PLANTS ARE the foundation of all life on Earth as they provide food and medicine to increasing population of the world. Essential oils are another value added product of the plants which serve as natural, chemical-free alternatives to Allopathic medicines, harmful cosmetic and toxic fragrances. Rising health concern and the search for natural alternatives to modern medicine has driven the usage of essential oils for alternative healing and human well being. They have a great potential to uplift the agriculture sector of Pakistan which is one of the most important sectors the back bone of the economy of the country. This sector contributes 21 per cent of GDP and 45 per cent of countrys labour force. It is the sector providing food security, generating overall economic growth, reducing poverty and the transforming towards industrialization. The agriculture sector in Pakistan is facing many problems including the low productivity of important cash crops, high production cost, lack of infrastructure, and above all, the WTO regulations for export of food as well as cut flowers.  Apart from the major and minor crops, the agricultural byproducts can also play vital role in the strengthening of this sector. One of the most important byproduct of plants is the essential oils that have a potential to add life in this important sector of our country.

The term essential is coined from the French essence and is an aromatic volatile substance extracted by distillation or expression from single plant specie. The resulting oil should be virgin and not added with any other substance during and after processing of extraction. These oils are obtained from blossoms, seeds, fruits, fruit peels, leaves, stems, barks, wood, roots, and plant secretions and are being used in fragrances, cosmetics, soaps and other household products, in foods, confectionary, pharmaceutical products and cigarettes. The advanced prospective is its use as natural pesticides and edible coatings emerged with a remarkable scope of its commercialization for a world with organic and safe food. Medicinal attributes of these essential oils is also on a trend to increase its use in pharmaceutical industries for preparation of herbal drugs very extensively and consumers are showing their preference in herbal medicines due to increased awareness of health hazards and high price of synthetic medicines. Aromatherapy is on increase worldwide with increased openings for the essential oils in this industry.

The world total essential oil production is estimated to be 100,000 to 110,000 MT with major producers as Brazil, China, USA, Egypt, India, Mexico, Guatemala and Indonesia and major consumers as the USA with 40 per cent, Western Europe with 30 per cent, Japan with 7 per cent and rest of the world with 23 per cent total consumption. Pakistani market for essential oils is infinitesimal and represents less than 1 per cent of the world market. At present, the local production of essential oils is almost non-existent but local consumption is estimated to be 86,000 kg per annum. All the local demand for the essential oil is met by import from China, Brazil and France.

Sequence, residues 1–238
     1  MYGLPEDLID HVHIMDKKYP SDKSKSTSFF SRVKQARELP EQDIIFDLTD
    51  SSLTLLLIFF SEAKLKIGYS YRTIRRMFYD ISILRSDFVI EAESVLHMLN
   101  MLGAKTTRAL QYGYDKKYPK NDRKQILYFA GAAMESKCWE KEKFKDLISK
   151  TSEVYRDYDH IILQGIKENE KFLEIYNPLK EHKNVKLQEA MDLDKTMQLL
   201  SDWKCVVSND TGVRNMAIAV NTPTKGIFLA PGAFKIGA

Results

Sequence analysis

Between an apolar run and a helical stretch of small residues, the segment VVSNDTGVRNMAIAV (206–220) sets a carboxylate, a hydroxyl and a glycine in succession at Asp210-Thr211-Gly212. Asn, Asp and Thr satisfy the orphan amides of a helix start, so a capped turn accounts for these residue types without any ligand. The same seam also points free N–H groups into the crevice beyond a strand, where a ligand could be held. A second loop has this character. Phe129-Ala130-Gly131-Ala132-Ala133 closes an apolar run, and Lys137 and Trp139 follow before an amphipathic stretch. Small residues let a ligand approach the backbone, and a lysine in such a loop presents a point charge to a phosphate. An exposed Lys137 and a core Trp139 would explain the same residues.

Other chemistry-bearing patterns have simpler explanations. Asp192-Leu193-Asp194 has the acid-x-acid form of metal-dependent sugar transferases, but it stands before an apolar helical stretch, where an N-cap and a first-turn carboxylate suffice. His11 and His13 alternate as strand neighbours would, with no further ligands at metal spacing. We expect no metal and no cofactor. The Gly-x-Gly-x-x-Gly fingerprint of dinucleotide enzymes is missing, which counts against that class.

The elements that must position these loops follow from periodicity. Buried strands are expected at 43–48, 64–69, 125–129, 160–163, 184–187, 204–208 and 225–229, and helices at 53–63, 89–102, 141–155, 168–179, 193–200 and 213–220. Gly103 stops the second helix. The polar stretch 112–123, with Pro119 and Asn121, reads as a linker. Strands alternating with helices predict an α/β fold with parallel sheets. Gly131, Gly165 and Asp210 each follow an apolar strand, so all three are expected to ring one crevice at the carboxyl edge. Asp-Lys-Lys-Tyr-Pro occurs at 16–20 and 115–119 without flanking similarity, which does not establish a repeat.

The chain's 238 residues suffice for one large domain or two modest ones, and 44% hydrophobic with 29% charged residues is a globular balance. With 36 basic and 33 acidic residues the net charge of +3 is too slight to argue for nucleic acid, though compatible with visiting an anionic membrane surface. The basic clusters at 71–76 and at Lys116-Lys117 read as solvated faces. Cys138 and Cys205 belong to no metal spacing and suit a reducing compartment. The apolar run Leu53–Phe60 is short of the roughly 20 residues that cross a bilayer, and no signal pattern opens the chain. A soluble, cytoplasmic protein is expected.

The important essential oils used by these multinational companies are mainly lavender, citronella ginger grass, basil, mint, lemon grass, eucalyptus, cedar wood, celery seed oil, fennel and other oils in a range of products in the country.  Out of these the essential oils currently being produced in Pakistan are orange and lemon oils chiefly from citrus fruit extraction industry where orange and lemon oil are the byproduct of the extraction process, with a fraction of rose essential oils. There is a dire need to develop essential oil bearing plants sectors in the country.

There are variety of such plants growing in wild naturally, as well as some exotic plants can also be introduced as minor crops in the agriculture sector to meet the local consumption of essential oil, making it possible for the country to save and to earn foreign exchange. Some potential essential oil producing plants of Pakistan are lavender, rosemary, ginger, sandal wood, lemon grass and jasmine. Some organizations are working to develop cultivation techniques for few of these plants and in this context Pakistan Museum of Natural History has cultivated lavender and rosemary on experimental basis, with a success rate of 95 per cent. The plants will be displayed in the botanical garden of PMNH in the coming season for public education and awareness.

Many projects can be developed for the production process, good agriculture practices, postharvest handling and extraction process of some high value essential oil bearing crops and to popularize this knowledge to farmers for its successful incorporation in the cropping system. There is also need to make efforts to produce export quality essential oil in sufficient quantity for a smooth supply to industries and international market. An effective marketing system and a large-scale campaign for motivation of the farmers for essential oil production also need particular attention.

The writer is Research Associate in Pakistan Museum of Natural History, Islamabad.


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